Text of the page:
Jesus as Immanuel

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Advent 2018  •  Sermon  •  Submitted   •  Presented   •  11:19
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<There was an issue with the Proclaim Remote, so the sermon transcript and the pre-written sermon text will differ greatly.> The Hebrew text in Isaiah 7, uses the phrase "God _is_ with us", and the Greek text in Matthew 1, uses "God with us". In times when our faith is challenged, it can be difficult to remember "God with us", yet it can be a source of comfort to remember that "God _is_ with us." (Oh, and don't worry, it isn't as mind-numbing an idea, as a depiction of the angel appearing to Joseph in the stained glass shown duirng the sermon.

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God is with us

A little about my own faith today:
I struggle with the fact that our worship is based on historical events from over 2,000 years ago. In our brains, we know that we can’t meet today’s problems with yesterday’s thinking. Yet in our faith, we look back 2,000 years for inspiration on how to live today. In some ways, it just doesn’t make sense to me.

The power of history

Now, I’m not going to say that there’s no sense in knowing our history. We most certainly need to know about our past. We need to right the wrongs that we’ve done — as individuals and peoples — as nations — and as a collective in the world.
And if we look around today, I’d have to say, that historically there are some quite scary things going on. The American stock market is nearing trouble that we’ve not seen in quite a while — and that won’t be good for any of us. Not only in the U.S., but elsewhere as well, nations are becoming more insular again. After years of striving to bring down barriers — real, and economic — people are working to build them back up. This does not seem to be good news.
Knowing our history allows us to see what is happening in the world today, remember the signs of what happened in the past, and help us determine if we really want to go there again — or not.


I know we read from Matthew this morning, but in order to understand Matthew, we need to better understand Isaiah.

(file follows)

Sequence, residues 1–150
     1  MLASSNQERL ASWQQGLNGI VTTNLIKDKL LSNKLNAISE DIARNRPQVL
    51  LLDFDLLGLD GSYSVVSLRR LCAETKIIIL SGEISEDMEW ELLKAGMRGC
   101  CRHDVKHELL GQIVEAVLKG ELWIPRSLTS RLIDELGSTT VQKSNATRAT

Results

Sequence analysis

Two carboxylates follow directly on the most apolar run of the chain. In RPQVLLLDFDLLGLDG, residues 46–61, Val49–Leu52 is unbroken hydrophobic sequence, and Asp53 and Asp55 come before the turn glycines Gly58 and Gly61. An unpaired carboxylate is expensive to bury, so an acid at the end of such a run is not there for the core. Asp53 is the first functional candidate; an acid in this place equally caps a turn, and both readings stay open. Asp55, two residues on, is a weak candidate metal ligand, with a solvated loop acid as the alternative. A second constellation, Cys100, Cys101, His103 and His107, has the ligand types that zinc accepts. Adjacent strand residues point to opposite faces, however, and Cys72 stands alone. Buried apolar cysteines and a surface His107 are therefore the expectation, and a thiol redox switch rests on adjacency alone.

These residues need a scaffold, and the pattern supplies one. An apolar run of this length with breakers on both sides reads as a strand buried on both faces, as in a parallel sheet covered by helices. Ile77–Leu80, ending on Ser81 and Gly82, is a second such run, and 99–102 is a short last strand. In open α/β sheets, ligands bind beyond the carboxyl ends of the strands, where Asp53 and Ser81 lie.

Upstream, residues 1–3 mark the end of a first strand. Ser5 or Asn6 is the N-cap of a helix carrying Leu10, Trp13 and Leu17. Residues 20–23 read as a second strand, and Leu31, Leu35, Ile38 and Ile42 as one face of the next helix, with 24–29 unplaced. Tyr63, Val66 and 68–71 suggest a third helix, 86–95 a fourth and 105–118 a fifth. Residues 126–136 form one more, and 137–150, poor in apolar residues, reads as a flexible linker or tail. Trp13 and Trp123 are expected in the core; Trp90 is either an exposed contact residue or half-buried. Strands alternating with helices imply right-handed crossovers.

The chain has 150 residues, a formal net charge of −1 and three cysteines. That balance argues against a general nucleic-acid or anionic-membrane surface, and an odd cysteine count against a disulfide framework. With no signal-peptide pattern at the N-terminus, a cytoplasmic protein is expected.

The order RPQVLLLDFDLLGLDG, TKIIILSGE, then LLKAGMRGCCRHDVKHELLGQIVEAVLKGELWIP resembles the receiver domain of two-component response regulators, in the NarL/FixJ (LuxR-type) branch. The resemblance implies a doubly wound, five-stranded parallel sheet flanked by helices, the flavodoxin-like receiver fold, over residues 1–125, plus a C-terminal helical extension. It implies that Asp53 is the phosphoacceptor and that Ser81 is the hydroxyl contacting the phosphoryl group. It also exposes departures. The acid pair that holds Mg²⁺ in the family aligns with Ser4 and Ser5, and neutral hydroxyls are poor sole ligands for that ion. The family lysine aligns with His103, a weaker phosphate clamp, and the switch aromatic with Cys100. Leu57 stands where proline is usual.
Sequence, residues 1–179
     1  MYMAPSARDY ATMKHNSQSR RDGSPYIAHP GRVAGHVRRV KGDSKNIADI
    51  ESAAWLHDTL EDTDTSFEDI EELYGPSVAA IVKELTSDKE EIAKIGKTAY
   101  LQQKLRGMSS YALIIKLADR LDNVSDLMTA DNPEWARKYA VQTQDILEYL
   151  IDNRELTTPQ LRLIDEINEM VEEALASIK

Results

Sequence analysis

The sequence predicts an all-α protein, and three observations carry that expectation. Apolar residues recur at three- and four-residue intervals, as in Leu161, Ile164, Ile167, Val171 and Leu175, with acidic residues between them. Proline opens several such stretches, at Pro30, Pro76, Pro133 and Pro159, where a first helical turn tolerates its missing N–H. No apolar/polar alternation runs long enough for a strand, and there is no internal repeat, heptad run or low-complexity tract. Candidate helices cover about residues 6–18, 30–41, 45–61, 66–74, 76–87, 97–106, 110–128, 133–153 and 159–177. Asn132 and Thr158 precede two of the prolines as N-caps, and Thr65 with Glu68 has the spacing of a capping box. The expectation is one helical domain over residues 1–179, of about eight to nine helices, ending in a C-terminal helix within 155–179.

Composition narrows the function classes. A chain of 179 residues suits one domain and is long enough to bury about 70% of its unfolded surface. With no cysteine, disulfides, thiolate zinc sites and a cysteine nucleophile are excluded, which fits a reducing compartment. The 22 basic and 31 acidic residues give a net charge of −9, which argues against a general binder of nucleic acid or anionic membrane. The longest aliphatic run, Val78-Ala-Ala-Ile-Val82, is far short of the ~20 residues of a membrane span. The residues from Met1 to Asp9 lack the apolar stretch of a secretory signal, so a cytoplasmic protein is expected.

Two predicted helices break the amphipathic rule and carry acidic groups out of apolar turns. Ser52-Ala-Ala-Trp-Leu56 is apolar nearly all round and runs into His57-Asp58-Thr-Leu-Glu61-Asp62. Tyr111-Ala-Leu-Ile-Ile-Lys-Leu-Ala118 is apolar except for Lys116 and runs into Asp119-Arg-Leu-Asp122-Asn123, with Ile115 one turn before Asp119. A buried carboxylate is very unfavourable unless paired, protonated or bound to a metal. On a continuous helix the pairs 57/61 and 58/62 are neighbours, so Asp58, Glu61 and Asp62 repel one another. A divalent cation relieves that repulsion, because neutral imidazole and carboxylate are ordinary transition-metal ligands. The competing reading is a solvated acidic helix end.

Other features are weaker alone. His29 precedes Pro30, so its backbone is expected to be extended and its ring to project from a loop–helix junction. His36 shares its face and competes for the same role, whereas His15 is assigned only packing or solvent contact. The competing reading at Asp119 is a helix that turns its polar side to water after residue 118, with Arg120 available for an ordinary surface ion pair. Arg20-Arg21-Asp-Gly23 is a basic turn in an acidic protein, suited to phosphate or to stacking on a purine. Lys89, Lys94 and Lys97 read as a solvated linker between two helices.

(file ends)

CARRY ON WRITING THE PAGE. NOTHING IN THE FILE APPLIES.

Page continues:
Cory Driver, Adjunct Professor in Rabat, Morocco has this to say:
In Isaiah 7, the kingdom of Judah was under attack by the northern kingdom of Israel and the allied kingdom of Aram. Isaiah and his eldest son went to the king of Judah and told him to request any sign of his choosing that things would work out for the southern kingdom. King Ahaz refused to choose a sign, so God said that a specific young woman soon would conceive and give birth to a child. … The woman in Isaiah’s prophecy would name the child Immanuel, which means “God is with us” in Hebrew.
The reading we heard from Matthew, translates the Greek to be the same as the Hebrew — God is with us.
The “is” is actually missing in the Greek though. The Greek is closer to: “God with us”.
And we’ve based all sorts of ideas about God, and Jesus off of that notion in the Greek.
Now, before you look about as excited as this depiction of Joseph being addressed by the angel, just bear with me about the importance of the word “is”
“God with us” — for me at least — implies that God is right here, walking, talking, being present. At times, I know that to be true. I know that — at times — I have a sense of God [being] with me.
“God is with us” — can certainly encompass that notion of God being right here, present, walking, talking, being part of my world — it can also mean something else:
It reminds me of this from Romans 8:31
Romans 8:31 NRSV
What then are we to say about these things? If God is for us, who is against us?
While they are certainly different in the Greek, there is something about “God is with us” that runs together with “God is for us” — God is with us — cheering us on, supporting us, caring for us — even if God is not physically with us.

God [is] with us

And here is where I think we get into a bit of trouble theologically, historically, and maybe even spiritually.
We are certainly looking for Jesus to come again — it looks like we might need him to come again soon at points.
But yet, I wonder if we miss the fact that Jesus is with us, even if we don’t feel his presence right next to us — that is, in the sense that Jesus is supporting us, caring for us, cheering us on — in those difficult moments in life.
Christmas — like probably any festival or holiday — isn’t always easy. We want to be joyful, and celebrate. Yet, honestly, the weight of the world on our shoulders can bring us down.
That is when the “is” becomes even more important.
The babe that will be born soon is not just God walking on Earth a couple of thousand years ago — that babe is a sign that God is with us even in the difficult moments of life — cheering us on, supporting us, caring for us — even when we don’t necessarily see him.
As we get ready to celebrate the birth of Jesus, may we not only see Jesus in the people around us, but may we also know deep within our souls that our God is with us — for there is no greater gift to receive this Christmas than the peace that comes from knowing God is with us. Thanks be to God.
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